285 F2d 532 Louisville Country Club Inc v. M Gray

285 F.2d 532

61-1 USTC P 15,326

LOUISVILLE COUNTRY CLUB, INC., Appellant,
v.
William M. GRAY, District Director of Internal Revenue, Appellee.

No. 14109.

United States Court of Appeals Sixth Circuit.

Dec. 15, 1960.

H. Gilmer Wells, Louisville, Ky., E. J. Wells, Louisville, Ky., on brief, for appellant.

Harry Marselli, Department of Justice, Washington, D.C., Charles K. Rice, Asst. Atty. Gen., Lee A. Jackson, Robert N. Anderson, Carolyn R. Just, Attys. Department of Justice, Washington, D.C., on brief, for appellee.

Before McALLISTER, Chief Judge, and MARTIN and WEICK, Circuit Judges.

PER CURIAM.

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1

The taxpayer, Louisville Country Club, Inc., on behalf of its individual members, brought suit in the United States District Court to recover excise taxes paid on a 1956 assessment, levied on its membership to provide funds for improvement of the club property. The issue is whether the assessment should be subjected to the twenty percent excise tax imposed upon club dues by Section 4241(a)(1) of the Internal Revenue Code of 1954, 26 U.S.C.A. 4241(a)(1).

2

The case was tried on a stipulation of facts and submitted for decision on the motions for summary judgment filed, respectively, by the appellant taxpayer and the appellee District Director of Internal Revenue.

3

Thoughtful consideration has been given to the oral arguments and briefs of attorneys and to the facts of the case in relation to applicable law. The conclusion has been reached that the judgment of United States District Judge Brooks granting the motion of the defendant District Director and dismissing the complaint of the plaintiff taxpayer should, for the reasons stated in the memorandum opinion of Judge Brooks, 178 F.Supp. 915, be affirmed.

4

McALLISTER, Chief Jduge (dissenting).

5

I regret to dissent from the view of my colleagues, and consider that we should follow Judge Hamilton's decision in Pendennis Club v. United States, D.C.Ky., 20 F.Supp. 758. The so-called assessment in this case was not an assessment in any real or true sense. There was no liability on the part of members of appellant club to pay the assessment; the payment was not compulsory, it was not enforceable. When the stock of a member was purchased by a newly-elected member, the purchaser was obliged to pay the value of the stock plus the amount of the so-called assessment that had been made. Voluntary contributions in such cases are not taxable. The Pendennis case followed the rule set forth in Garden City Golf Club v. Corwin, 2 Cir., 62 F.2d 246. There was nothing unusual or surprising about that decision; and it apparently was considered by Congress as properly interpreting the statute, as no attempt was made to modify the law by amendment to provide for taxation of such assessments. However, when City Athletic Club v. United States, D.C.N.Y., 148 F.Supp. 96, affirmed 2 Cir., 242 F.2d 43, reversed the Garden City Golf case, Congress immediately amended the statute to specifically exclude assessments for capital improvements; and appellant's argument is persuasive that the amendment was enacted by Congress because it was satisfied with the prior interpretation and was concerned with making certain that such assessments for capital improvements, as in this case, would not be taxed.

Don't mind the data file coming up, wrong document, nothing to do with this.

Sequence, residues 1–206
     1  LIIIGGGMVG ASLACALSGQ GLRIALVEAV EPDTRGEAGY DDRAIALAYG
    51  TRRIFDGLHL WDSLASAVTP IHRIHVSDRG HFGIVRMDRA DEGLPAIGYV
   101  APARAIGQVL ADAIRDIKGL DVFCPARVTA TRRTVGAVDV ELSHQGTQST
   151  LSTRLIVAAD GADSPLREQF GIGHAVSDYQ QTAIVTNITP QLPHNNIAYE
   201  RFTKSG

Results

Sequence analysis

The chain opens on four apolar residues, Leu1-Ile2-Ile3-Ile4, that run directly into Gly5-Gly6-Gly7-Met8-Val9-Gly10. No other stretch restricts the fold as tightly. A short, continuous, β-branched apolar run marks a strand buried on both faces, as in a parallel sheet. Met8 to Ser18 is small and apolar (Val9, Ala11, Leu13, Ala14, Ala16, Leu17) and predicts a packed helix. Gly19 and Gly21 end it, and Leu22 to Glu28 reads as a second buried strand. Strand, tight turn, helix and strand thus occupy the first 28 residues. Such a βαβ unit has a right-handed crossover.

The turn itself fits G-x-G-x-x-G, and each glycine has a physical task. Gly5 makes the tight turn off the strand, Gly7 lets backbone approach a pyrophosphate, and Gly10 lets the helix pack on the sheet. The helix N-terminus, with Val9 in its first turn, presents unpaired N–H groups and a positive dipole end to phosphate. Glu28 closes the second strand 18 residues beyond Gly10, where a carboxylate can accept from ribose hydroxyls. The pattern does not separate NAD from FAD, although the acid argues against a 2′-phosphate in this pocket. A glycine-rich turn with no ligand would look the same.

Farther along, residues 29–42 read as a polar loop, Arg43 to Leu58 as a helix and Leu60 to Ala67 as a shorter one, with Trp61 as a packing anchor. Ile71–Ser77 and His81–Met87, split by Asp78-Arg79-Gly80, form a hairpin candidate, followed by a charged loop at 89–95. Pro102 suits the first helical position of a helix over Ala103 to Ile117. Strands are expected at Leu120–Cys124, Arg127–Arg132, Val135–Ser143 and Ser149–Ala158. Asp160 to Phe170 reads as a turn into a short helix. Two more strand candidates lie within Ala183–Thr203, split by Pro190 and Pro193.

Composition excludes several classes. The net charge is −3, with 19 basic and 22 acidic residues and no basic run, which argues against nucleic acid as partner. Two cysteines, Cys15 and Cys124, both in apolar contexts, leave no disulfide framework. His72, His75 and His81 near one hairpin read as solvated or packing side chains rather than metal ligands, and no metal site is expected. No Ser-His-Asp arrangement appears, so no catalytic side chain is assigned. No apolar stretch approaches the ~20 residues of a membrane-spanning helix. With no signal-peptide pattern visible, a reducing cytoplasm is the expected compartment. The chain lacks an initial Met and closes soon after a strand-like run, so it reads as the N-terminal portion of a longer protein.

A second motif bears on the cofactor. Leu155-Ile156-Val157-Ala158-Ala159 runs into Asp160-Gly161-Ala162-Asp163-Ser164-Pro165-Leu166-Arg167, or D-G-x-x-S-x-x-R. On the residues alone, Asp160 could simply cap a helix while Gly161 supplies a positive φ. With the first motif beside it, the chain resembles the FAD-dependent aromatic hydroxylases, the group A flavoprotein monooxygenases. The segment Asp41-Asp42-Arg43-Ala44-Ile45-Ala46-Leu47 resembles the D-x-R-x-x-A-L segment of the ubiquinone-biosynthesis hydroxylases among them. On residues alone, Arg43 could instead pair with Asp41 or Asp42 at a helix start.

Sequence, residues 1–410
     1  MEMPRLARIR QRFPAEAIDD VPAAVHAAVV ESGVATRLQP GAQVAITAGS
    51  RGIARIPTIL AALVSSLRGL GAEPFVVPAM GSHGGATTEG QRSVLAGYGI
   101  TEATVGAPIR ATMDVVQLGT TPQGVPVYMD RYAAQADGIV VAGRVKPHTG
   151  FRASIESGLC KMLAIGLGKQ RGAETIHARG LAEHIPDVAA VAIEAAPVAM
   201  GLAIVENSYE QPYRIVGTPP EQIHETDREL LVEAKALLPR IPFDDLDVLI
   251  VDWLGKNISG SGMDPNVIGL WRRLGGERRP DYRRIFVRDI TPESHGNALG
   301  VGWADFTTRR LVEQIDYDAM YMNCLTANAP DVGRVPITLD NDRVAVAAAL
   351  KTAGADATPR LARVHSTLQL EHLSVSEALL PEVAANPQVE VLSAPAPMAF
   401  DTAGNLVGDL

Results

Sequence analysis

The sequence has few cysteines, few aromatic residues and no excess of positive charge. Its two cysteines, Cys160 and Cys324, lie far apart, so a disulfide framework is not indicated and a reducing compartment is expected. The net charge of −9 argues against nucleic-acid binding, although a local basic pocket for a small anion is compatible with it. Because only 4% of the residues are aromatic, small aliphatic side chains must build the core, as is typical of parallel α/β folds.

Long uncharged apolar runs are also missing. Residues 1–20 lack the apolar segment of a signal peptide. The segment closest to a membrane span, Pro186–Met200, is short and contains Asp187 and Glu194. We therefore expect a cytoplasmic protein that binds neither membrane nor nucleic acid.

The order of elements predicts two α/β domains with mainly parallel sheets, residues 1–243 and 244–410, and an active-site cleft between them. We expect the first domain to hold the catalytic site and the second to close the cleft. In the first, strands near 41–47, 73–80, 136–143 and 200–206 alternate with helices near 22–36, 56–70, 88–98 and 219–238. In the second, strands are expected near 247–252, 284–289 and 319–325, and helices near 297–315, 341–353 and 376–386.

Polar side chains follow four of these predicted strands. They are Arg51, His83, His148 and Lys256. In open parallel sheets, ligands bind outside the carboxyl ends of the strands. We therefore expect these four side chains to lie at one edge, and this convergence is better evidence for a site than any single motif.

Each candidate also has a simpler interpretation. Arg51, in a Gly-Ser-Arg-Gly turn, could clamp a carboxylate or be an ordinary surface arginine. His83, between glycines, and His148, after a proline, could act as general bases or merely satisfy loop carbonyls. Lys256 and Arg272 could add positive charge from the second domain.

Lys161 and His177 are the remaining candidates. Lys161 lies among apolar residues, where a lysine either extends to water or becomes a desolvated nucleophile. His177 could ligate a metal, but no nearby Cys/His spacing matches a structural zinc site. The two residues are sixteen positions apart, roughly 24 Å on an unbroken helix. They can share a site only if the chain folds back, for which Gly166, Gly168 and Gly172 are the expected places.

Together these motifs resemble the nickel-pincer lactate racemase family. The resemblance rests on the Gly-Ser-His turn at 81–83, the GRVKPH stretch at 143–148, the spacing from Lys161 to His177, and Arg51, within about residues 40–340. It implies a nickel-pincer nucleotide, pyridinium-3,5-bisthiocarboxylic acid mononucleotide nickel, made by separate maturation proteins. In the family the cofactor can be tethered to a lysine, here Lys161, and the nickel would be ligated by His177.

6

It is easy to see why Congress should so consider the matter, for the tax upon the advances here made for capital improvements was substantial, and, in my view, results in an injustice to all persons subjected thereto; and, while the recent statute does not directly control this case, such taxation as we here have before us, has been definitely rejected by Congress in the federal statute as it stands today. Taxation, such as here in question, should not be sustained unless it is clear that Congress intended it to be levied on these transactions; and I do not consider there was any such intention.